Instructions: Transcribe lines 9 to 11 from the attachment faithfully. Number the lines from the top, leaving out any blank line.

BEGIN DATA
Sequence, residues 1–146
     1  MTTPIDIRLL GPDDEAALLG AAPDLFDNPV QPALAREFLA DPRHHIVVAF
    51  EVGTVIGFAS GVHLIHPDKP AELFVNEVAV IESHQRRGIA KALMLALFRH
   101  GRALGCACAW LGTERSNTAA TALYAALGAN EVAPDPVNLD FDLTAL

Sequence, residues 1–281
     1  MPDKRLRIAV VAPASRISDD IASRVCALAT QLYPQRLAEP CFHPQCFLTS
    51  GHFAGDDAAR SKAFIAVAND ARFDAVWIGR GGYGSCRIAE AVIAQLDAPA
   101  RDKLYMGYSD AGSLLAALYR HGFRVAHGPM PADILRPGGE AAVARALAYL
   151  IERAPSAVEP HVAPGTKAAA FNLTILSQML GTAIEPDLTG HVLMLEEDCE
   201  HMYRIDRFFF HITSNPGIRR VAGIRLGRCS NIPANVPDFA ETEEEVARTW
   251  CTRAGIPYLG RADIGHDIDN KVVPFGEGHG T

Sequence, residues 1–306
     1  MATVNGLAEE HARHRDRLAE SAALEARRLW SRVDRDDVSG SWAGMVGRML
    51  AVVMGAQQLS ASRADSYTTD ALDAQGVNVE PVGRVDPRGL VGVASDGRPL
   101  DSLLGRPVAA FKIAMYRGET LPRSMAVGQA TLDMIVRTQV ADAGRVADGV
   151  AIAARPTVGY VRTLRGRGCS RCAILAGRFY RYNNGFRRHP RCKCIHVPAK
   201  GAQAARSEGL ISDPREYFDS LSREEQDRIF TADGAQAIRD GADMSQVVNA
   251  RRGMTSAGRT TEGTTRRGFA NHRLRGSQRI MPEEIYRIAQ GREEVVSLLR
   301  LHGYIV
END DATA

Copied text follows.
   151  IERAPSAVEP HVAPGTKAAA FNLTILSQML GTAIEPDLTG HVLMLEEDCE
   201  HMYRIDRFFF HITSNPGIRR VAGIRLGRCS NIPANVPDFA ETEEEVARTW
   251  CTRAGIPYLG RADIGHDIDN KVVPFGEGHG T